Pushing the boundaries - excavators for the demolition role

By Lindsay Gale01 April 2009

Computer rendering of the latest demolition special under construction at the Rusch factory in Amste

Computer rendering of the latest demolition special under construction at the Rusch factory in Amsterdam. A modified Cat 5130 with a 34 m boom will carry a 25 tonne shear

The star of the high reach world over recent months has undoubtedly been the 90 m (295 ft) giant that was recently handed over by Rusch Krantekniek to Dutch contractor Euro Demolition. D&Ri has carried considerable editorial covering this machine over recent issues, but in an update on the progress of the machine, Rusch managing director Ruud Schriejer said that the machine is now back with him to have the control system upgraded. Initially it was thought that full electronic control of the machine's functions could be achieved using a single control system, but practice has apparently demonstrated that optimised control could only be realistically achieved through the fitting of a secondary electronic control system to share the workload.

But Rusch is not resting on its laurels. Work is well advanced on yet another special - this time a modified Caterpillar 5130 shovel that will sport a 34 m boom designed to carry a 25 tonne shear attachment. Boom fabrication is well advanced and modifications to the carrier are due to start shortly. Mr Schriejer said that he expects this machine to be completed by the end of June, 2009.

While many OEMs are currently experiencing a serious drop in demand for their standard construction equipment, it appears that at the moment there is still a healthy demand for specialist niche equipment typified by demolition high reach excavators and their demo spec'd standard brothers. While the numbers involved are not massive, new machines are constantly being added to fleets and the industry still appears sufficiently buoyant to pay the premium that these specialist units can demand.

Driving forces

In previous features covering demolition excavators, we have identified a number of main drivers behind the developments in new demolition excavators - increased tool weight, greater working heights, quieter internal and external noise and increased productivity and these appear to be unchanged.

According to JCB, there are always requests to reach higher and carry heavier tools at reach. But the company has identified a new one. It told D&Ri that interestingly there has been a concerted focus on safety and machine control, driving it to develop more integrated solutions as an OEM. It said that it also continues to develop mid-range machines to deal with the increasing levels of material handling and recycling required by our customers.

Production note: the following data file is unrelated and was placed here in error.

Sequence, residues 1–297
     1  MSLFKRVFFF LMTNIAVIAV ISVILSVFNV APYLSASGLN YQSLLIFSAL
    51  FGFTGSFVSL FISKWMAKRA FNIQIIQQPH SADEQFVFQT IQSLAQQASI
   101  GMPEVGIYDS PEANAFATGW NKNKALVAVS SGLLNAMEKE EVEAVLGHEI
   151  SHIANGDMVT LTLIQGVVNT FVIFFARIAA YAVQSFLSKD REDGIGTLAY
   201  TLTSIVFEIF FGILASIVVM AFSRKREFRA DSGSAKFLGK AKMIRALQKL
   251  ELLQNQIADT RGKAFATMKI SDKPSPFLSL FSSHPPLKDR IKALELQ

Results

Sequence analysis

Where noise and vibration are concerned, JCB said that it really focuses on developing complete systems to reduce the causes of noise, engine emissions and vibration. With improved efficiency it has focused on improving the isolation of sources of noise and vibration, along with refining its control systems to improve the overall control of the machine by the operator.

Komatsu's Simon Saunders told D&Ri: "Komatsu understands that customers need their machines to be earning income as effectively as possible. This demands strong versatility and minimum disruption to machine operation. Komatsu listened to these demands and responded with the latest generation Dash 8 machines. We understand that customers are interested in reduced project time and that increased attachment weights are seen to be one way to achieve this. We believe that, whatever the size of carrier, there is a practical limit to the maximum height that can be reached from ground level while carrying a significant attachment weight and that extreme working heights will continue to demand alternative techniques."

Volvo's take on tool size was similar. It said that in general it expects to see more focus on heavier tools for high reach and expects this trend will play to its strengths, with the optional hydraulic variable undercarriage it offers since this allows users to work equally over the side of the machine without de-rating the tool size as is typical with standard undercarriages.

Given that just about every manufacturer recognises the demand for higher reach and heavier tools, it should be interesting to watch for some product launches over the next months - will they accept the engineering challenge?
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